Thursday 30 September 2021

The post delivers a pleasant surprise

This week the post finally delivered a secondhand copy of "With Pike and Musket" by C.F. Wesencraft to add to my growing collection of wargaming books. I have been keeping an eye out for this particular book for a while after having read some good reviews. At first glance the book contents are meeting my expectations and covers:

  • The weapons
  • Historical organisation
  • Preparation (setting up tabletop terrain and figures)
  • The weather (and construction of a weather gauge)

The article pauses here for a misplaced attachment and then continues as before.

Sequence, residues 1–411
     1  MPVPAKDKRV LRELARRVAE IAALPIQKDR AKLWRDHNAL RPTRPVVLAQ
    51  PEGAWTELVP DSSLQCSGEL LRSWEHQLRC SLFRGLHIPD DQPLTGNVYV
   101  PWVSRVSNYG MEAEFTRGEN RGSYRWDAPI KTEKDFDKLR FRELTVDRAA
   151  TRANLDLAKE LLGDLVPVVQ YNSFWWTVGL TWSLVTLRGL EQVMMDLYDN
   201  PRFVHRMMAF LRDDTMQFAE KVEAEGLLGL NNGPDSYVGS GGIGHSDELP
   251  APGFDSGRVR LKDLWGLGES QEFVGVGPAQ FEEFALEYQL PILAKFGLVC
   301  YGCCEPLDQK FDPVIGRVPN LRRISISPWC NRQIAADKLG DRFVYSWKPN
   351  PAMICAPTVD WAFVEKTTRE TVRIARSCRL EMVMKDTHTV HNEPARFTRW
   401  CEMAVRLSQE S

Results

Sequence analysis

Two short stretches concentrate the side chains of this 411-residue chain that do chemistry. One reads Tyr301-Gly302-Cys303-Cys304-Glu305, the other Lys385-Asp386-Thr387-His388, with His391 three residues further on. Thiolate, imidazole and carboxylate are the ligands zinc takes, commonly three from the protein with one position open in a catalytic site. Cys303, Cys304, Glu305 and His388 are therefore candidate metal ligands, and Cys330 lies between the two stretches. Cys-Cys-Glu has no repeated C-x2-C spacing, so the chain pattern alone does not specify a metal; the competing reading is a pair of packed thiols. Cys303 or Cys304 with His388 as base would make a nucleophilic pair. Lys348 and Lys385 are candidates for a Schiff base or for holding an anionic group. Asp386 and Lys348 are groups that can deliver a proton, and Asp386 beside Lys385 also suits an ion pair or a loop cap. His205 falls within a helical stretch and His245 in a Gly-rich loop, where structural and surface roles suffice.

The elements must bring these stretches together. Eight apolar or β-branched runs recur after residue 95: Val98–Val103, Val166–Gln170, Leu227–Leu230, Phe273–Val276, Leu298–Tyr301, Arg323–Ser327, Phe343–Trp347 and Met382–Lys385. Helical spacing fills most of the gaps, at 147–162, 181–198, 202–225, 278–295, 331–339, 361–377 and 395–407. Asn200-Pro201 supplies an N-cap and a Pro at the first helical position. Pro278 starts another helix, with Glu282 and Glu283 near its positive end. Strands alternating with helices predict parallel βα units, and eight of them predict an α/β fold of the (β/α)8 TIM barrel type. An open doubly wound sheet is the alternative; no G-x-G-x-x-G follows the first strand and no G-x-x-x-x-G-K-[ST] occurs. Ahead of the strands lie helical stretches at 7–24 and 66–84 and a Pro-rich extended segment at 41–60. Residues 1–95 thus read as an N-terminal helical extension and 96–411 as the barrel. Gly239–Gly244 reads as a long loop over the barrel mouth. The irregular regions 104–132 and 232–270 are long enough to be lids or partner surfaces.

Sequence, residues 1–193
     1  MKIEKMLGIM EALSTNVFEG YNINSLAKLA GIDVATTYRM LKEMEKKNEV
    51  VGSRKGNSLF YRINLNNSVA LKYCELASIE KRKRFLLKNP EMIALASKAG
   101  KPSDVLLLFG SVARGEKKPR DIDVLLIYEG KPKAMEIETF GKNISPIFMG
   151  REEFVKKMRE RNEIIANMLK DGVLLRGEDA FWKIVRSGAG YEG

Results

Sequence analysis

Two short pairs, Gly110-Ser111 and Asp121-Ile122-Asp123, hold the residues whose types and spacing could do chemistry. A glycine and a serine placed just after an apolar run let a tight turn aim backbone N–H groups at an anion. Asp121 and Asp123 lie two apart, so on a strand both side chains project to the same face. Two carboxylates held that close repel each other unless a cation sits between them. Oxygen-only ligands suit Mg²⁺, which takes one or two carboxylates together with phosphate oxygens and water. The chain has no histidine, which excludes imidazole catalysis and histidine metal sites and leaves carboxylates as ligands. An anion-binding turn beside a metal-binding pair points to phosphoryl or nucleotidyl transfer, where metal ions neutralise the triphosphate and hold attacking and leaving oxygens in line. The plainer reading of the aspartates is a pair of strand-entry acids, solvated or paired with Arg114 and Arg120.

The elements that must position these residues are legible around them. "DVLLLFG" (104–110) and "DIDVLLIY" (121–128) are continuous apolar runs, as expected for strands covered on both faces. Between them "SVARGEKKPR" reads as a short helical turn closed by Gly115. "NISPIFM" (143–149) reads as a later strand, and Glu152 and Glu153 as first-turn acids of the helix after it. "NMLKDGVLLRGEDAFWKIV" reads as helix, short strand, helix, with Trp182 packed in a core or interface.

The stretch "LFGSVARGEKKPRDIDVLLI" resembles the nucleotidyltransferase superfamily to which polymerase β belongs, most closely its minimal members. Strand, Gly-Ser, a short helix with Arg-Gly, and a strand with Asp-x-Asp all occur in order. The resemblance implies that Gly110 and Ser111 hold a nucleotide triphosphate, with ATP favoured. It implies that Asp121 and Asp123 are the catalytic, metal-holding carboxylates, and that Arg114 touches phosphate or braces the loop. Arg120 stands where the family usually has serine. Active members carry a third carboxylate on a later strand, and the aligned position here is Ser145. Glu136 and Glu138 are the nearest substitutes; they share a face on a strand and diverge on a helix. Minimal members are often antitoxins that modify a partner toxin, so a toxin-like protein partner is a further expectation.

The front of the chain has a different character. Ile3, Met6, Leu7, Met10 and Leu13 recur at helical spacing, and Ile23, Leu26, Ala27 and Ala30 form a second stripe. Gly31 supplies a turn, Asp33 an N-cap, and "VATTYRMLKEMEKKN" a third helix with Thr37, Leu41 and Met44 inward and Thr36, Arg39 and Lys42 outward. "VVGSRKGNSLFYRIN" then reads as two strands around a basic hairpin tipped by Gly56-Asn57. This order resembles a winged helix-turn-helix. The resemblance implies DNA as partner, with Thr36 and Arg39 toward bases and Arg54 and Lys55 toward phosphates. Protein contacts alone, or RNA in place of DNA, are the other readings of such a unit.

• Game rules
  • Battle reconstructions (some 27 battles from mid-1500's to mid-1600's)
  • Summary of the rules of play
It is highly likely my ECW armies will be on the tabletop this weekend.

The latest secondhand book purchase.

A couple of months ago I decided to try my hand again at writing my second solo wargaming article for Lone Warrior (the journal of the Solo Wargamers Association). My previous article was about setting up a commando raid using some simple rules which determined the defender's actions, which built upon ideas from the St Nazaire game a played in January 2020 (here) - this seems a long time ago now. This time the short article published in LW216 was about using chance cards decks to represent army characteristics and campaign situations. Some of the chance card ideas I have been testing out in the 2nd Punic War campaign which I am currently playing.

Tuesday 28 September 2021

Campaign turn 3 - Battle of Acelum 214 BC game report